solo, while 'Off Ma Boots' sounded like they were channeling a mid-1960s
American garage band. Sonically the set was a little raw (I imagine
recording facilities in Zambia were a bit limited), though that didn't hurt
their garage/hard rock attack one bit. Kudos to Shadoks for the nice
reissue package, though a bit of biographical information would have been
Bones" track listing:
Jagari Chanda - Chri's Mbewe - Shaddick
Bwalya) - 5:22
Motherless Child (Gedeon Mulenga - Shaddick
Bwalya - Emanyeo Jagari Chanda) - 3:55
Tooth Factory (Chris Mbewe - Shaddick
Bwalya - Emanyeo Jagari Chanda) - 4:33
Strange Dream (Gedeon Mulenga - Emanyeo Jagari Chanda) - 3:14
Look Out (John Muma - Shaddick
Bwalya) - 4:02
1.) Havoc (Emanyeo
Jagari Chanda - Chris Mbewe - Shaddick Bwalya) - 5:19
October Night (Emanyeo
Jagari Chanda - Chris Mbewe - Shaddick Bwalya) - 4:40
Off Ma Boots (Emanyeo
Jagari Chanda - Boidi Sinkala) - 2:57
Jagari Chanda - Shaddick Bwalya) - 4:01
Little Clown (Emanyeo
Jagari Chanda - Chris Mbewe) - 3:30
band apparently recorded a couple of additional LPs ("Introduction"
and "Living in
the Past"), though I've
never been able to track down any information on them. Anyone got a
!!! I was so impressed with this LP that I started poking around the
web trying to track down some of band members. I found scattered
references to guitarist Mbewe (who is apparently dead). Sinkala
apparently made some money in business. I also stumbled onto a
November 2007 interview by Patrick
of the Zambia Post newspaper with Chanda. The interview
was a little fractured and occasionally hard to follow. I thought
about editing it, but ultimately didn't. If I get hit with a copyright
issue I'll delete the material.
Great Witch were a definitive band playing Zamrock during the renaissance of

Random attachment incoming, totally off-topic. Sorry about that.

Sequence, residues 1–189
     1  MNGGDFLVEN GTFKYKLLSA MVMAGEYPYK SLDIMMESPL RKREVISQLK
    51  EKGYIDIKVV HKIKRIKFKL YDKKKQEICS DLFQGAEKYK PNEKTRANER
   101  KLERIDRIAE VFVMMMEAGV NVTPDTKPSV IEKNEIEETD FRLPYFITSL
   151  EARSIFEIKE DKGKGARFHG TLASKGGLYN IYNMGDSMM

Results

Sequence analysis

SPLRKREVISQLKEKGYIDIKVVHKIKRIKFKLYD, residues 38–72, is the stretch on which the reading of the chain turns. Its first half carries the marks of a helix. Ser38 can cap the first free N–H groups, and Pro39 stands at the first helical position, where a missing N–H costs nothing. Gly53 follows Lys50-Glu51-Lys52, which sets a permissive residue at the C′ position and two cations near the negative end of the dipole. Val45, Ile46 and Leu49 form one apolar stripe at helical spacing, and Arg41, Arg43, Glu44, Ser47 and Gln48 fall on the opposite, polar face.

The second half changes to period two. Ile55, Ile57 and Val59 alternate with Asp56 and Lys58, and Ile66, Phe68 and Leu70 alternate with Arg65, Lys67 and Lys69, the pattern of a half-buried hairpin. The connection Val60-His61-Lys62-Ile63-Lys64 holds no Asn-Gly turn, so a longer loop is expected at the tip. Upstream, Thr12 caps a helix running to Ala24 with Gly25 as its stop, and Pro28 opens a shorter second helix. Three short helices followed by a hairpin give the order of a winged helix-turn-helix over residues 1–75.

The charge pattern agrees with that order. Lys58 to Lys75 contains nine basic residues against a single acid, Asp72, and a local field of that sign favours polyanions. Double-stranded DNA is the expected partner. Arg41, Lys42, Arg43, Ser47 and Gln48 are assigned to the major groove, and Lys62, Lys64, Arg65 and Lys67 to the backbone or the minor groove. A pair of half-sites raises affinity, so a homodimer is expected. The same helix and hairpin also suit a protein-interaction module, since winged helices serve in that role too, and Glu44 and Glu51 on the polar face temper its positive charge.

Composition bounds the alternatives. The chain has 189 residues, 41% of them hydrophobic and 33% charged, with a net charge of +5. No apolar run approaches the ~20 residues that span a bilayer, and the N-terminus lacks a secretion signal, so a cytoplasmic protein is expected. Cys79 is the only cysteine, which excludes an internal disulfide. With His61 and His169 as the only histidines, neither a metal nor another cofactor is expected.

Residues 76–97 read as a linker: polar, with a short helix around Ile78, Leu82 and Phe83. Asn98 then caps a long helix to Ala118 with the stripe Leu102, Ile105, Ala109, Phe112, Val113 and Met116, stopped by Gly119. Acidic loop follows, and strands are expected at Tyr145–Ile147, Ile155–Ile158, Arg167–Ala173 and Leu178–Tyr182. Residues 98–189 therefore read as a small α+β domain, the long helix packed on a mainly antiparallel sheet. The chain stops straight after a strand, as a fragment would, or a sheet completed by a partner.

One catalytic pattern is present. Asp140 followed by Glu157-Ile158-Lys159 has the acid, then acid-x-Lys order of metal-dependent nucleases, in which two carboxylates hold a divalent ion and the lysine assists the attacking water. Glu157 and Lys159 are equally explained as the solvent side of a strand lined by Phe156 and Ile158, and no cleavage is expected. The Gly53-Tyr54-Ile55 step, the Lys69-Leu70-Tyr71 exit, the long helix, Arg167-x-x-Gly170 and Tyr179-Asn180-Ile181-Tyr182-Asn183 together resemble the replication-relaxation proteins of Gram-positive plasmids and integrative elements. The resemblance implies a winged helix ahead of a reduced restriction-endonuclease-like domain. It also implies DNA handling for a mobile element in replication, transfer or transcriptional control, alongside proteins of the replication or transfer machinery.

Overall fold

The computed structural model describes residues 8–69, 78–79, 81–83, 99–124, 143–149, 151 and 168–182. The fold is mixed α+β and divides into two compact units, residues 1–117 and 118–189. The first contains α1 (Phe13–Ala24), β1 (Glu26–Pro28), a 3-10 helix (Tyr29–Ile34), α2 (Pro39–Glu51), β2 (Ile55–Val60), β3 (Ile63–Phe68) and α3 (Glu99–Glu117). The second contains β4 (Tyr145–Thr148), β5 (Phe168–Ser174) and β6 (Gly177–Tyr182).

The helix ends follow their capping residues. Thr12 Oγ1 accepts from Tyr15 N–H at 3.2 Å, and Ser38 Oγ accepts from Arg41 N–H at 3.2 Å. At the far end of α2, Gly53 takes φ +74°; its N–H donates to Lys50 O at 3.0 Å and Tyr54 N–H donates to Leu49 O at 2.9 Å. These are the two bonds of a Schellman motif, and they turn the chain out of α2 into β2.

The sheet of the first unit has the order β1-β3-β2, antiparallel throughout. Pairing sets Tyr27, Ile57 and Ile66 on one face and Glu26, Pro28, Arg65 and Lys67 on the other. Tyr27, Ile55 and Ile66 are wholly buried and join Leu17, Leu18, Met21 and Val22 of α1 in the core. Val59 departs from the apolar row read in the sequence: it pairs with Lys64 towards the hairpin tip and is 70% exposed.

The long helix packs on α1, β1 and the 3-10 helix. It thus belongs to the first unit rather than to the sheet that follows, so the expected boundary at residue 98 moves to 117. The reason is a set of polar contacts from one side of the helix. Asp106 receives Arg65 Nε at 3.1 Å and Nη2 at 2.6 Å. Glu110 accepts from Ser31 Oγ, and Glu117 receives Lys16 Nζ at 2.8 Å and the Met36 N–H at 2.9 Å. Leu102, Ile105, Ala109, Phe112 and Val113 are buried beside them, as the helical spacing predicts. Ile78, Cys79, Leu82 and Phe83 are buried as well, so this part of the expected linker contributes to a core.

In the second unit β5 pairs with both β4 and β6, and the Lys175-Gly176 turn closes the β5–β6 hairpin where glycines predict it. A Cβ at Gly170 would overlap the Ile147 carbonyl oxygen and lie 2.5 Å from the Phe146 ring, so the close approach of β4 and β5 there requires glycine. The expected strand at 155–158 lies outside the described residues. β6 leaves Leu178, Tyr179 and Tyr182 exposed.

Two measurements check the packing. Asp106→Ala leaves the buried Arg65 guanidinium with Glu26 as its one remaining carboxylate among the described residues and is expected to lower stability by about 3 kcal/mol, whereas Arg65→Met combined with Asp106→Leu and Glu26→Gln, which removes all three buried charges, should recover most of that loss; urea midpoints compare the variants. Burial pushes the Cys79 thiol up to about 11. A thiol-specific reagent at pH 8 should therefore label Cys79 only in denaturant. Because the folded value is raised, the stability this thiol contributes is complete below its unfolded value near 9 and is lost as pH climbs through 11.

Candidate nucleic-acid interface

Zambian music in the 70’s.
Comprising versatile and talented musicians, the band which metarmophosised
from a rather bubble gum music band called Kingston Market sent waves
through the country with hits like Lazy Bones, Motherless Child, Living in
the Past and Kangalaitoito. The W.I.T.C.H, which was an acronym for We
Intend To Cause Havoc, really caused music havoc.
leader and lead vocalist Emmanuel Chanda popularly known as ‘Jagari’- a
corruption of his hero’s name - Mick Jagger of the famous Rolling Stones,
remembers the good old days when the band and the individual members were
household names. Jagari was born on 21 November 1951 in Kasama though his
official documents show 1953 because he was late in getting his registration
card, so he had to ‘reduce age’ by two years. He is the fifth born in a
family of seven, and has two sisters and four brothers. His uncle brought
He started school in 1959 at Chamboli Primary School. “Somehow that
was the first time I left home away from my parents. I moved in with my
elder brother but I was trying to go back to my parents so I ran away from
school and I was caught in Mufulira and brought back to Kitwe. In the
meantime I had lost my chance of continuing in that grade sub A but I
restarted in 1961 in the same area in Chamboli but not at the same
school,” he says.
He did all his secondary education at Chamboli Secondary School being in the